Hulu announced recently that they will be introducing a new system of advertising that will reward people for binge watching episodes in one sitting. They packaged it as a reward by offering a special deal through Hulu or allowing the episode to be ad free because of a specific sponsor. Because the Hulu revenue model relies on ads, Hulu is giving an incentive to make the ads more palatable while maintaining support from the advertisers. Hulu announced they will be partnering with advertisers like Kellogg’s, Maker’s March, and Georgia-Specific for this new system.
Hulu will use data on viewers to predict which shows are about to be binge watched and will serve, “contextually relevant messaging from our brand partners that acknowledges a binge-watching session has begun.” For example, Cheez-It Snap’d will show an ad that corresponds with the binge watch session by saying, “Another episode? Snack it to me!”
In 2007, all the major media companies owned a share of Hulu, but now Disney owns a majority of the company. Comcast handed over operational control to Disney and plans to sell 33% of their stock to Disney by 2024.
I find this interesting because I totally agree with this method of advertising. The biggest annoyance when binge watching shows is the constant interruption from advertisements. Personally, I like the idea of getting the longer ad out of the way and experiencing the whole episode uninterrupted instead of short periods that occur every 15 minutes. I think this is a really smart thing and will be very beneficial to the platform. I wonder how the platform will change now that Disney will own Hulu in the future as networks pull the shows, but the new advertisement system is interesting nonetheless.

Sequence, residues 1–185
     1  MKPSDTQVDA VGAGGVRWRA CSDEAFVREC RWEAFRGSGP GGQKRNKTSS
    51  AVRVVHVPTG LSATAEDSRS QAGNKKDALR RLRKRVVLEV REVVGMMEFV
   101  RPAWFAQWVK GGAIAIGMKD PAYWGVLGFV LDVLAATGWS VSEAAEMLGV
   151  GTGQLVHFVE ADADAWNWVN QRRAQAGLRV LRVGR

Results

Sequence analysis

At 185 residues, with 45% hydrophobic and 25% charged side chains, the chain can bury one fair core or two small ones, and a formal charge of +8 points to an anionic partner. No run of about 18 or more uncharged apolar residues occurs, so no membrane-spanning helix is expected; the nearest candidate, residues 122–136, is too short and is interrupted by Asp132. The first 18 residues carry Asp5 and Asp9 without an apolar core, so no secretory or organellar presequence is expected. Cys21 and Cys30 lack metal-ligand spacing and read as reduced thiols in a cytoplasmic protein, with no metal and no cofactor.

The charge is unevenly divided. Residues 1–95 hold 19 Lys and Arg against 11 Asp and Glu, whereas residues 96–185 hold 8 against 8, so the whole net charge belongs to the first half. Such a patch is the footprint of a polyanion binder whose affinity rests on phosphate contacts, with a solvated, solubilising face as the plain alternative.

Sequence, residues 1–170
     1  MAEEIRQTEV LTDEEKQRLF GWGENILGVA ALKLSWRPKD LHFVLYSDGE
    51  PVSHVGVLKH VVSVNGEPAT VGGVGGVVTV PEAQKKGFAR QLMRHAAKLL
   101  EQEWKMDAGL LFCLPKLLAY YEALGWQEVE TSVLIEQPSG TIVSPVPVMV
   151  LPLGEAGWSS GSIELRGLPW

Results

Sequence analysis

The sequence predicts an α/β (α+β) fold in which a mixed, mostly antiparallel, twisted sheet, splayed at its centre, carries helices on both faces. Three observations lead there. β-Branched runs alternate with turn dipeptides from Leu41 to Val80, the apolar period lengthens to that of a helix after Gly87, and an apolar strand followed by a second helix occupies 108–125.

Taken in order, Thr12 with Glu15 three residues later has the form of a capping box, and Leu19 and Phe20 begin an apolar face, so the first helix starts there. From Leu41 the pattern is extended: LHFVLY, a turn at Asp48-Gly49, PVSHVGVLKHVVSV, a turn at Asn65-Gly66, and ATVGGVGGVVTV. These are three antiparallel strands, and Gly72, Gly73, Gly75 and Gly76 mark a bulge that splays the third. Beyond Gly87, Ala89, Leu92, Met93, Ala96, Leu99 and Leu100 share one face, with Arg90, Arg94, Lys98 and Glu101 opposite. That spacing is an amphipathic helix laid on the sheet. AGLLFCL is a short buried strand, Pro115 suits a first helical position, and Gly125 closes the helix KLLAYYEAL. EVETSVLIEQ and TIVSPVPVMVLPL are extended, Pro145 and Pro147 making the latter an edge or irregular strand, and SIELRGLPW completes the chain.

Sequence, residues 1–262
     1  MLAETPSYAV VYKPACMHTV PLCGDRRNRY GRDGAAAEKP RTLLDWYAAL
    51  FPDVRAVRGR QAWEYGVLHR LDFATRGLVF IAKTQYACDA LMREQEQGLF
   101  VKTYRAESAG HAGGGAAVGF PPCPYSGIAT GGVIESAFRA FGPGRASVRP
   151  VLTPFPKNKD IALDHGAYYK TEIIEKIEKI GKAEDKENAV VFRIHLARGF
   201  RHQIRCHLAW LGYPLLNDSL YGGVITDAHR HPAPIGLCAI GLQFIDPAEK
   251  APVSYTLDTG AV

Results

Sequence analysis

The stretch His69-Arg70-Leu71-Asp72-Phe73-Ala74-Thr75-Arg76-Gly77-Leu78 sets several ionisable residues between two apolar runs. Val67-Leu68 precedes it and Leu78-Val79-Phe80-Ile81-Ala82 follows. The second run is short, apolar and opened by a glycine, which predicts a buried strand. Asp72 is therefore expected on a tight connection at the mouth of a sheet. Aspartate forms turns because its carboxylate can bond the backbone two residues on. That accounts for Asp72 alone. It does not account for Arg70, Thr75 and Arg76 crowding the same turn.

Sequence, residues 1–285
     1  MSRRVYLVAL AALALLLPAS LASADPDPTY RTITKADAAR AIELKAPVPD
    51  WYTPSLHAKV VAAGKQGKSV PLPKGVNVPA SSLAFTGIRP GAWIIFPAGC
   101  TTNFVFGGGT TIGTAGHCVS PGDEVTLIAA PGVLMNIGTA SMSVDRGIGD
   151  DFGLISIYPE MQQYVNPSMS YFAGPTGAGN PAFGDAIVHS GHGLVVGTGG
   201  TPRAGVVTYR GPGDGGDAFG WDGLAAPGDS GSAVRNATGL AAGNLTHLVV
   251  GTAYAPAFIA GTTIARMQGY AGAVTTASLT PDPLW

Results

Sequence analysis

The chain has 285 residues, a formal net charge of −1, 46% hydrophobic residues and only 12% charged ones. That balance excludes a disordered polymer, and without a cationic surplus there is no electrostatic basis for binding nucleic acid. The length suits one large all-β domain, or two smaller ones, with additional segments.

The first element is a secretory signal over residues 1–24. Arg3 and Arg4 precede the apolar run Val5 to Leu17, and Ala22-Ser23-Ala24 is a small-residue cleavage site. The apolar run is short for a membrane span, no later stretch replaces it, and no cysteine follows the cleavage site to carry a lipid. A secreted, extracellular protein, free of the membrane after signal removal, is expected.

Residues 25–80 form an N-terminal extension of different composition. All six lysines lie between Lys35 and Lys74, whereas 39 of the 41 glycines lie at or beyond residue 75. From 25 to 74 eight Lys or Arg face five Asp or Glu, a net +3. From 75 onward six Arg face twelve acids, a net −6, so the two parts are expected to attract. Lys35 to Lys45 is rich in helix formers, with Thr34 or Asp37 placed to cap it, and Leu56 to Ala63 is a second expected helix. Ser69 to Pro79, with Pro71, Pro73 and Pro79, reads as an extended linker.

One thought on “Hulu Rewards Binge Watching”
Interesting article. I am also not a fan of ads on Hulu as it significantly adds more time to finish an episode for a show. I think this could be better for the advertisers as well. Typically when we watch a show and have to sit through an ad, we look away or go on our phones. Now that the ads will be less frequent, some consumers may just sit through a specific ad, and now actually gain something from it.